Offer your inspired and creative ideas to help them build their brand and mission. Offer to paint a mural or hang your art to spruce up their space.
9. Publicize their efforts.
Nonprofit organizations always need publicity and praise. Write about the charities in your blog posts, tweets, and Facebook comments. Promote them in your email newsletters. Let them know in advance and tag them. Send them the links to your articles whenever you write about them.
“May your charity increase as much as your wealth.” ~ Proverb
10. Choose from monthly themes.
Every month is another opportunity to support worthy causes. There are many holidays and special events on a national and international scale that relates to you, your art work and/or your special interests. October is Breast Cancer Awareness month. The first day of winter is known as Universal Human Rights Month. On April 22 we honor Environmental Awareness.
11. Offer to assist with charities’ annual events.
Reach out to leading individuals, businesses and groups, including charities, that you know are organizing annual events. Offer to volunteer you time and/or art to help them promote their events, products, services and messages.
12. Design a plan and grow.
You may want to start with a small local organization and demonstrate your generosity. Once you have made some contacts with the local charities, you can ask about their national organization and see how you can expand your participation.
“Where there is charity and wisdom, there is neither fear nor ignorance.” ~ St. Francis of Assisi
13. Use the Internet for leads.
To find possible charities conduct a search on Yahoo or Google. Type your key words and region and ‘nonprofit’ or ‘charity’. Use Twitter by searching #charities. Find charities in your community or region through friends, associates and the local newspapers. You can also find lists of charities at: www.charitynavigator.org and www.nycharities.org.
14. Visit charities’ Web sites.
Many organizations offer a page describing what volunteer opportunities are available. You will discover that some programs use working artists as facilitators for multi-week programs. Others have single-day opportunities available for art workshops.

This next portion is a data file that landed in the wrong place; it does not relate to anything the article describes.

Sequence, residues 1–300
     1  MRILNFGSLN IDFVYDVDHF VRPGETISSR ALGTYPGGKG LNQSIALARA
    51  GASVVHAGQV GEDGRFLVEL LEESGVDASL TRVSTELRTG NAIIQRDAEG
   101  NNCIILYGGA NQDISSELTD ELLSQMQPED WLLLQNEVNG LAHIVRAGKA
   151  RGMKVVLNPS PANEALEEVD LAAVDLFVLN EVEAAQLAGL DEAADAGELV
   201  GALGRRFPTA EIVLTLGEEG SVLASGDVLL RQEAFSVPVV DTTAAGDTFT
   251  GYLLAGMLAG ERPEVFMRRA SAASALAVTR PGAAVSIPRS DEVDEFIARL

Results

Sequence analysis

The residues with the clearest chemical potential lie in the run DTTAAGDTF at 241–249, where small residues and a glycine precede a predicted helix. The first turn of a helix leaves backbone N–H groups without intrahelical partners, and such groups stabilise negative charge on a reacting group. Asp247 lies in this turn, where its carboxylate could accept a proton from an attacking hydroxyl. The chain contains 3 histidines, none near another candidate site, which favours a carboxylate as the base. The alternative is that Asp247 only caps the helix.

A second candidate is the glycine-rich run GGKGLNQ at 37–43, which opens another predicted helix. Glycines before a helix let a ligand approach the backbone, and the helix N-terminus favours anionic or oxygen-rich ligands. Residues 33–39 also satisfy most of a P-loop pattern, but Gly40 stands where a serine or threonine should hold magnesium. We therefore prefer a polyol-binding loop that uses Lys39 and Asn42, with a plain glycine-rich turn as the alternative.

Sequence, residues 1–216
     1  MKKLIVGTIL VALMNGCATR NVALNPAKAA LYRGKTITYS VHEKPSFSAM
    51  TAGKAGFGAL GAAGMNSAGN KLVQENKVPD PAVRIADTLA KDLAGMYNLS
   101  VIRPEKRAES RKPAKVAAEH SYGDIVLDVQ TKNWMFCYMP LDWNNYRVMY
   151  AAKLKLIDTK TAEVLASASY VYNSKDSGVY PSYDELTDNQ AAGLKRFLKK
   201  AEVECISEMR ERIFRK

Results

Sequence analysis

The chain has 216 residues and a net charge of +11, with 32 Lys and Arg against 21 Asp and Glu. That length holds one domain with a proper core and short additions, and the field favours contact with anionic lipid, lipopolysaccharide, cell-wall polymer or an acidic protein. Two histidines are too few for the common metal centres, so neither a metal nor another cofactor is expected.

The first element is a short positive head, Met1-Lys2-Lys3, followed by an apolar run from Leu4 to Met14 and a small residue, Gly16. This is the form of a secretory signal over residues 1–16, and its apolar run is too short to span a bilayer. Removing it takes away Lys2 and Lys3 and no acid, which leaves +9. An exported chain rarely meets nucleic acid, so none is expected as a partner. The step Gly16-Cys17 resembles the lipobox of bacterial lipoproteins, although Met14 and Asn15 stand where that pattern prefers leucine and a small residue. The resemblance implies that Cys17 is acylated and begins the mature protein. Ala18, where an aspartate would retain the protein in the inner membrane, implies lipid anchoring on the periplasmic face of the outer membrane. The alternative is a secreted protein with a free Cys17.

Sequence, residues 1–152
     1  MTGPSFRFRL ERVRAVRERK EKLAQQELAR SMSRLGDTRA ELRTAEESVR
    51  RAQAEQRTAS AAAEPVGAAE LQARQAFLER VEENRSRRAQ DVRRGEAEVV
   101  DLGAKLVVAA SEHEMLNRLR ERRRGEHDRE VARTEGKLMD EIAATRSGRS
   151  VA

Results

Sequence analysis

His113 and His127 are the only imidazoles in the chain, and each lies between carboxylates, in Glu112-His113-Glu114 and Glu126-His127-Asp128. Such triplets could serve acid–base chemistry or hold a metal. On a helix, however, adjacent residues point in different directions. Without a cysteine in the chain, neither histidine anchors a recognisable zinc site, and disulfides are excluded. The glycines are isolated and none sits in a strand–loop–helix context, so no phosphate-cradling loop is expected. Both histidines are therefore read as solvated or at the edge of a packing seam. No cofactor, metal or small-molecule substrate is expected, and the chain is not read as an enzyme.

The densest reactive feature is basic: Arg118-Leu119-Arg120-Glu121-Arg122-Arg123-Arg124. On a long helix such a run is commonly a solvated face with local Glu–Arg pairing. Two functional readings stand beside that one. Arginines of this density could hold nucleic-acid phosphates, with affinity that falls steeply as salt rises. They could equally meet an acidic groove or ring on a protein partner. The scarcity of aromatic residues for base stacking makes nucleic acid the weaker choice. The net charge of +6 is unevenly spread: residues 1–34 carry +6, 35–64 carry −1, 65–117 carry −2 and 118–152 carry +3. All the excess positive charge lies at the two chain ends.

15. Offer your design talent or reproductions of your art work.
Grant them permission to use your images for reproduction on custom printed stickers, promotional magnets, screen printed bumper stickers, promotional window signs, and other products to help the organizations get their messages out and raise money. I know an artist who did this and raised her recognition to international status from the publicity she received.
“If you can’t feed a hundred people, then just feed one.” ~ Mother Teresa
16. Use These Resources
The Healing Power of ART & ARTISTS offers a comprehensive online directory of regional, national and international organizations with art programs. Visit the Directory for more information.
Idealist “connects people, organizations, and resources to help build a world where all people can live free and dignified lives.” You may sign up and receive a daily listing of all opportunities to help charities. When you sign up you can select how often you receive updates and which ones you are most interested in. You can select by geographic region. Opportunities range from participating in an eco-art gallery project to being a docent in an art museum. Visit Idealist for more information
Beware of unscrupulous practices.
Not all organizations that claim to be charities are legitimate. Make sure the charities you choose are reputable. Google their name + scam. Verify the status of the organization through the Better Business Bureau, Attorney General’s Office and The Foundation Center.